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Simple Genealogy Rules – part 1

August 27, 2013

The following is a simple excerpt from the coming Skills421 (www.skills421.com) Drools Training Course.

The Problem Domain

We are busy researching a family tree and have encountered a person by the name of Richard Walker from Thornhill in West Yorkshire in 1813.  Our task is to identify his immediate and extended family from the information we can gleam from Ancestry and Parish records.

The problem we are faced with is that nearly everybody in the area appears to be called Walker in the 1600s, 1700s and 1800s and we need to try and piece together relationships.  Parish records from the area provide scant information – name, date of the christening, fathers name and location.  On rare occasions we are provided with a mother’s name but very rarely.

Other than that we can sometimes find details of marriage date and location, birth date and location, christening date and location and death date and location.  Once we get into the mid 1800s we also have census records but not going back before about 1830.

So, our task is to try and piece together the most probable family tree from the information given.

Person

In summary, a Person can have the following attributes:

  • firstname
  • lastname
  • father’s firstname
  • mother’s firstname
  • date of birth
  • date of christening
  • date of marriage
  • date of death
  • location of birth
  • location of christening
  • location of marriage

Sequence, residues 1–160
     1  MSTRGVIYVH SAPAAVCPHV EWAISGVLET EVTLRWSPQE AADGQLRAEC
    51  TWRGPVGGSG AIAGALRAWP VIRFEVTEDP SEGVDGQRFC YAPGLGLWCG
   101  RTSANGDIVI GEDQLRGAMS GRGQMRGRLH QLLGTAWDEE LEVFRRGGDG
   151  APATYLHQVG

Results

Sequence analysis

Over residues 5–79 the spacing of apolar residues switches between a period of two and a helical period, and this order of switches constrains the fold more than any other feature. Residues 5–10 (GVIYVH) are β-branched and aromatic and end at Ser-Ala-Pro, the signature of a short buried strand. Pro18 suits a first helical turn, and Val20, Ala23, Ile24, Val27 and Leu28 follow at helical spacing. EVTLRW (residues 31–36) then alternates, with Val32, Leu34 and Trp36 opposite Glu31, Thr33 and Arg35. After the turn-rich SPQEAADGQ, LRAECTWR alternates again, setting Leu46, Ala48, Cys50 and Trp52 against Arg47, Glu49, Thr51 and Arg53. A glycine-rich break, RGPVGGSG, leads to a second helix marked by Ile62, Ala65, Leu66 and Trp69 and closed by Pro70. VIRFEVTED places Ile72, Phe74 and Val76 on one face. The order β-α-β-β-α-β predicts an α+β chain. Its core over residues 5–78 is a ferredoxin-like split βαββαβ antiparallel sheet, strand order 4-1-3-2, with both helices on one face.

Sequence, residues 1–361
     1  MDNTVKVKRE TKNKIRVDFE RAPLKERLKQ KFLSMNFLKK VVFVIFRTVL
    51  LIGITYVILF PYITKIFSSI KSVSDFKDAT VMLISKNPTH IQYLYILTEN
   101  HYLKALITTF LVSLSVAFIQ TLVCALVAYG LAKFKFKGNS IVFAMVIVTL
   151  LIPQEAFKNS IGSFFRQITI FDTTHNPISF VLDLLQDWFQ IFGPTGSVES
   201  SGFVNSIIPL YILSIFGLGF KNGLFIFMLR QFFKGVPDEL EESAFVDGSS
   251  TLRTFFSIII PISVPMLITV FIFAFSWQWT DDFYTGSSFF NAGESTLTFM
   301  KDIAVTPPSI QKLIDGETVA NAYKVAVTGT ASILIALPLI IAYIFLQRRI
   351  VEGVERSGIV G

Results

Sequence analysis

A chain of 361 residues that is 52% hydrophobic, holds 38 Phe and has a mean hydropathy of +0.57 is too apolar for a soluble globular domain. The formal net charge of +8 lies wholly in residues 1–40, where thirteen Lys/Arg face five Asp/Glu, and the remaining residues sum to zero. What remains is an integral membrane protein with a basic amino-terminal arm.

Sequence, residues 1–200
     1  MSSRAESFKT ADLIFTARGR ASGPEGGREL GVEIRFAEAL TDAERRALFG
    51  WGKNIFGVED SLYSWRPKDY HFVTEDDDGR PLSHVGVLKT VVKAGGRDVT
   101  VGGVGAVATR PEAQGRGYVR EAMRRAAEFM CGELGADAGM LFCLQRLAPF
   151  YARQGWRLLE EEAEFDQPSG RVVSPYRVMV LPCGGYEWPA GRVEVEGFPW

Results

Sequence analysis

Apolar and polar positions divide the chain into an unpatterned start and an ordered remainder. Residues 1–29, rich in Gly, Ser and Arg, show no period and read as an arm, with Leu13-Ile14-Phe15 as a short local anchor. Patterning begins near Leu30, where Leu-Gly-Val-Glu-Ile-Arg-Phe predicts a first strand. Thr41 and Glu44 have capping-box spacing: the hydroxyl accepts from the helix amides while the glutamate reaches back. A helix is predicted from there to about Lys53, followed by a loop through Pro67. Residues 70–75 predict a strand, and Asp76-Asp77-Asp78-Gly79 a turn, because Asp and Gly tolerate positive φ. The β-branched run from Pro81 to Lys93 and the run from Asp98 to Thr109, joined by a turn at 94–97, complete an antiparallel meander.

• location of death

To put the pieces together, therefore, we need to create a few simple rules that we can configure to try and put together a family tree.

Putting the Pieces Together – Father Son

  • the father must be 18 years older than the son
  • the father must have married 9 months before the son was born
  • the father must not have died before the son was born
  • the father must have been under 40 years old when the son was born

Additional rules that are a little more assumptive

  • the father and son must have been born in the same location or nearby

Putting the Pieces Together – Husband and Wife

  • the husband and wife must be approximately the same age
  • neither the husband or wife must be dead at the time of the marriage
  • both husband and wife must be 18 or over to get married

Additional rules that are a little more assumptive

  • the husband and wife must have been born in the same location or nearby

The Solution

Now we have identified our problem domain let’s move on to developing the solution. For this we are going to use the JBOSS Drools Rule Engine with Java and Eclipse as the IDE.

This is covered in part2.

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